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If make a barrel with mirror walls, fill it with light on the Earth, and attach to the ship, the ship will need no reaction to move, it may just open a tiny hole in one end of the barrel, letting the photons escape.
But it would be a lot of photonic mass stored inside, and the barrel walls would be enough strong to withstand the radiation pressure.

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9 hours ago, kerbiloid said:

If make a barrel with mirror walls, fill it with light on the Earth, and attach to the ship, the ship will need no reaction to move, it may just open a tiny hole in one end of the barrel, letting the photons escape.
But it would be a lot of photonic mass stored inside, and the barrel walls would be enough strong to withstand the radiation pressure.

Every time a photon hits one of the mirrors inside your bucket there is a reaction, it just gets cancelled out by the other reflections on the other mirrors(unless you open a hole, then there will be some uncanceled reactions when the light escapes instead of bouncing off the mirror where there is now a hole).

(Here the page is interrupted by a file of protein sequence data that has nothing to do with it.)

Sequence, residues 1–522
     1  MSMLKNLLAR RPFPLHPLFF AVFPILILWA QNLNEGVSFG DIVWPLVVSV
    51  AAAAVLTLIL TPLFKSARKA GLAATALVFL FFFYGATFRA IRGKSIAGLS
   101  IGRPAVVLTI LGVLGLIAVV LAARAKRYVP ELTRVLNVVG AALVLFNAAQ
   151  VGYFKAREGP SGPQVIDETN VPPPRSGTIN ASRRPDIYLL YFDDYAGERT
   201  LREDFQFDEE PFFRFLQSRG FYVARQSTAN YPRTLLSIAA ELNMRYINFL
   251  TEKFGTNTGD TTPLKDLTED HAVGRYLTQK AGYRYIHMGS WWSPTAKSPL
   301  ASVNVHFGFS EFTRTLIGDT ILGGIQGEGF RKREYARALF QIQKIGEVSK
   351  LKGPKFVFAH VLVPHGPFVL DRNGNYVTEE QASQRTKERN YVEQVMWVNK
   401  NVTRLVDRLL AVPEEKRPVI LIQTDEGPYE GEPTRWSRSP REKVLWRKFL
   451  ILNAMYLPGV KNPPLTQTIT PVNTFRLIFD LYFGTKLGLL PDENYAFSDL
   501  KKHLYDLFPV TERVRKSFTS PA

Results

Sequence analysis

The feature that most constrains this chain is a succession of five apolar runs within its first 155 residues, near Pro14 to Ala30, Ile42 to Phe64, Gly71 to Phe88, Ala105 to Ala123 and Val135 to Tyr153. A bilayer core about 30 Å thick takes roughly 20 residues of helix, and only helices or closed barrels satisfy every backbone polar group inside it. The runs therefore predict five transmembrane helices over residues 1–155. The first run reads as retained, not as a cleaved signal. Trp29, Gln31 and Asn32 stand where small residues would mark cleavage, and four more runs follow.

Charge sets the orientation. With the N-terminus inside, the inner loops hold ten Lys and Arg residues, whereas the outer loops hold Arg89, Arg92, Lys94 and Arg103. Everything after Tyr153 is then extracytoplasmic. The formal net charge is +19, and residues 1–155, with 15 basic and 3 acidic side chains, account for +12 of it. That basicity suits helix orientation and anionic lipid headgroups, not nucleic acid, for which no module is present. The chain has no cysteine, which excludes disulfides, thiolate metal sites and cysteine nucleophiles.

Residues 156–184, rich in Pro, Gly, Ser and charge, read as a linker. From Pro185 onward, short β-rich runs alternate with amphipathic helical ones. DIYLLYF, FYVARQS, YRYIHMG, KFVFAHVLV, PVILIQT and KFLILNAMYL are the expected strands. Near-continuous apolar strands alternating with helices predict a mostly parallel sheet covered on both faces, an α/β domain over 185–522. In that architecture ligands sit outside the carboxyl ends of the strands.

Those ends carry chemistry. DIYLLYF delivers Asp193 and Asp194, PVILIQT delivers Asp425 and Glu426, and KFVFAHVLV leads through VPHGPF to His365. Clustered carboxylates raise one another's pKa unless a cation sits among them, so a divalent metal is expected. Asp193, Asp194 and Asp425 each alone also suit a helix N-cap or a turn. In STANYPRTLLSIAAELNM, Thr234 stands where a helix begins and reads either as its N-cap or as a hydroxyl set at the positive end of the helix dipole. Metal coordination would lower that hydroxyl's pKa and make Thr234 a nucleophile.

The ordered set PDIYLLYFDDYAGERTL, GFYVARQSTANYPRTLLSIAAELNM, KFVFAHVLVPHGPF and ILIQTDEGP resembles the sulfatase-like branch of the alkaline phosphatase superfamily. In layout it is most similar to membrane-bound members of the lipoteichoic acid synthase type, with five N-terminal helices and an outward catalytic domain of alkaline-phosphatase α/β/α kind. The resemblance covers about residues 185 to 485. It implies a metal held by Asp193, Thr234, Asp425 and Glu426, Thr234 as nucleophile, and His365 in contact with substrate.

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12 minutes ago, Terwin said:

Every time a photon hits one of the mirrors inside your bucket there is a reaction, it just gets cancelled out by the other reflections on the other mirrors(unless you open a hole, then there will be some uncanceled reactions when the light escapes instead of bouncing off the mirror where there is now a hole).

Depends

https://www.quora.com/How-do-photons-get-trapped

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19 hours ago, Cheif Operations Director said:
19 hours ago, Snark said:

Not correct.

It's trading the momentum of the fuel (its mass times its velocity) for the momentum of the ship (its mass times its velocity).

Ok thanks